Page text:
WASHINGTON (10/10/14)--Chief executives from 18 large banks from the United States, Europe and Japan are expected to agree to delay termination of derivatives contracts, according to a report in The Wall Street Journal.
The banks will likely agree in principle to wait up to 48 hours before terminating the contracts and collecting associated payments from a troubled financial institution at a meeting at the Federal Reserve Saturday.
"When Lehman filed for bankruptcy protection in September 2008, it had tens of thousands of individual derivatives positions. Trading partners sought immediately to close out swaps trades with the firm and in many cases demanded the return of collateral, a process that took years to unwind," reads The Wall Street Journal report. "Billions of dollars of swap-termination payments were made as a result of the firm's failure."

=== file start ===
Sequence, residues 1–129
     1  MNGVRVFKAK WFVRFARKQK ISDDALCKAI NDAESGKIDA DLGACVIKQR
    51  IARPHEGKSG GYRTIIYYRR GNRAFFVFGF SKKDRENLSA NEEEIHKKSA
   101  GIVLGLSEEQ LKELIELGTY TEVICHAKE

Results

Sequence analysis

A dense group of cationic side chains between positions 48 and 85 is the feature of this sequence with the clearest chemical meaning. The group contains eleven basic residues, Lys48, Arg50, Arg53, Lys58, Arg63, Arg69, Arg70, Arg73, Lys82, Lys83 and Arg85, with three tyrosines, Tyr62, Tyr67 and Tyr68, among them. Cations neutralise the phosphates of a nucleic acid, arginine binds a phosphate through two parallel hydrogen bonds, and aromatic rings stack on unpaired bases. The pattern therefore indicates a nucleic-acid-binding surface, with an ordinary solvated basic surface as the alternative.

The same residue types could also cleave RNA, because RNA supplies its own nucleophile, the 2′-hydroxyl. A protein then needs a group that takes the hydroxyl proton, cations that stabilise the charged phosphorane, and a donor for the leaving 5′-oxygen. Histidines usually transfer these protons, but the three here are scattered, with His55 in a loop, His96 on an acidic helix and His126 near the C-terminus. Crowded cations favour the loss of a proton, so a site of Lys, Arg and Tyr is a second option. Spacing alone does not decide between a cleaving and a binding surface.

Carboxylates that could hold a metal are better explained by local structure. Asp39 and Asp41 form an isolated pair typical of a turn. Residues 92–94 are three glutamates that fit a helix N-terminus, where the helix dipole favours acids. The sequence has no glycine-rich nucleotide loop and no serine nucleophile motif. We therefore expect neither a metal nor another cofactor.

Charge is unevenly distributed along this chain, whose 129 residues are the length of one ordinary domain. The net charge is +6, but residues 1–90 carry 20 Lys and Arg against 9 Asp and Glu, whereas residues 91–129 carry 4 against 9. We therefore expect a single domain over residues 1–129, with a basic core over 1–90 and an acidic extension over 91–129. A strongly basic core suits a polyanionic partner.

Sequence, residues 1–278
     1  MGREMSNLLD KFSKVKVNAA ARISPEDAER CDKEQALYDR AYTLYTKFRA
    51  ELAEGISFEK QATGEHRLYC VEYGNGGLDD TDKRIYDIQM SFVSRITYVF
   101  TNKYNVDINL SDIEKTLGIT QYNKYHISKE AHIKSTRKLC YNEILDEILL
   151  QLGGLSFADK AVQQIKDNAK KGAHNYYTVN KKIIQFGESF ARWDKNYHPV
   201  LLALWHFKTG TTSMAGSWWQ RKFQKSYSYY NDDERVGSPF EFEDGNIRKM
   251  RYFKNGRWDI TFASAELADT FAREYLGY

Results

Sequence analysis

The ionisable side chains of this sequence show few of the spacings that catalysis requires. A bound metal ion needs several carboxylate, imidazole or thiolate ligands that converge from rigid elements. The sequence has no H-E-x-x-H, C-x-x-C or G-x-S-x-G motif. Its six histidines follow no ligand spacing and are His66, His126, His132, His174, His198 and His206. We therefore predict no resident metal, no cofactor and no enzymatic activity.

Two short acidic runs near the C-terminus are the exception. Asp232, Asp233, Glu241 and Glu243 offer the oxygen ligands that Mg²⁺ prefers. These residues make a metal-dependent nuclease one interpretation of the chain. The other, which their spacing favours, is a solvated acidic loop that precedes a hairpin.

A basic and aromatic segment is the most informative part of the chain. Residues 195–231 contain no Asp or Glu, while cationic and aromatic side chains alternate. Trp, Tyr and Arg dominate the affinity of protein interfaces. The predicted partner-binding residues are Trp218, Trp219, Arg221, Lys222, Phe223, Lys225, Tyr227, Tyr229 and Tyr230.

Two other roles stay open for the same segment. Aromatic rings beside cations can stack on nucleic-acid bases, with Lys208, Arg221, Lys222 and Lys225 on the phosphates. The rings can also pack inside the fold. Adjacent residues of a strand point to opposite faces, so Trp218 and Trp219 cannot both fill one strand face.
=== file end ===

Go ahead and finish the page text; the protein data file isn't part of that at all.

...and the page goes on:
According to the report, a delay would give regulators time to transfer a failing institution's assets and obligations into a "bridge" company, which would remove the need to unwind derivatives contracts or undertake asset sales during difficult times.
The New York Times reports that banks and their representatives believe these changes could "go a long way toward ending the too-big-to-fail problem" by allowing a bank to wind down in an orderly fashion.
Derivatives contracts currently make up a $710 trillion market, and more than 90% of those contracts would be affected by the new protocols, should the bankers agree, according to The Financial Times. Institutional investors on the other side of the contracts have warned they cannot voluntarily give up the right to cut off business because of a fiduciary duty to protect their investors' interests.
Per The Wall Street Journal, the changes would not go into effect until 2015.
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